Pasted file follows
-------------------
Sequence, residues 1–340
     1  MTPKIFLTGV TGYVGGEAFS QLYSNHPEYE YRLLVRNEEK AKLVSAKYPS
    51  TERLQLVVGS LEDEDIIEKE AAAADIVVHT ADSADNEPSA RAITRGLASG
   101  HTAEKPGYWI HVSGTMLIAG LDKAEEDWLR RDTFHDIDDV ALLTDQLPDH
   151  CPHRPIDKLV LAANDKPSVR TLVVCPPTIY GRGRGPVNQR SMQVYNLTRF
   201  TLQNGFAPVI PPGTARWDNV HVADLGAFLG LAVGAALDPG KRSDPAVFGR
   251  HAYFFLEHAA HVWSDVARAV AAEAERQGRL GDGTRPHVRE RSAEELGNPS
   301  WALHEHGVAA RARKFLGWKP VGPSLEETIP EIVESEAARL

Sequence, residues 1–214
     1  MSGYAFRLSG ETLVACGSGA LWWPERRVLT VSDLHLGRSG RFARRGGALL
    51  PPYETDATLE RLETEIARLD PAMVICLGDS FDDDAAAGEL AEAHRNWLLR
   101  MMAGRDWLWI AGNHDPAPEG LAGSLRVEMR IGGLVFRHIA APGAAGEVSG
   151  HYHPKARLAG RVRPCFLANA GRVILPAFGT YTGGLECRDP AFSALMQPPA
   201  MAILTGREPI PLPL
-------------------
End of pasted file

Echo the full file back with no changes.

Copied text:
Sequence, residues 1–340
     1  MTPKIFLTGV TGYVGGEAFS QLYSNHPEYE YRLLVRNEEK AKLVSAKYPS
    51  TERLQLVVGS LEDEDIIEKE AAAADIVVHT ADSADNEPSA RAITRGLASG
   101  HTAEKPGYWI HVSGTMLIAG LDKAEEDWLR RDTFHDIDDV ALLTDQLPDH
   151  CPHRPIDKLV LAANDKPSVR TLVVCPPTIY GRGRGPVNQR SMQVYNLTRF
   201  TLQNGFAPVI PPGTARWDNV HVADLGAFLG LAVGAALDPG KRSDPAVFGR
   251  HAYFFLEHAA HVWSDVARAV AAEAERQGRL GDGTRPHVRE RSAEELGNPS
   301  WALHEHGVAA RARKFLGWKP VGPSLEETIP EIVESEAARL

Sequence, residues 1–214
     1  MSGYAFRLSG ETLVACGSGA LWWPERRVLT VSDLHLGRSG RFARRGGALL
    51  PPYETDATLE RLETEIARLD PAMVICLGDS FDDDAAAGEL AEAHRNWLLR
   101  MMAGRDWLWI AGNHDPAPEG LAGSLRVEMR IGGLVFRHIA APGAAGEVSG
   151  HYHPKARLAG RVRPCFLANA GRVILPAFGT YTGGLECRDP AFSALMQPPA
   201  MAILTGREPI PLPL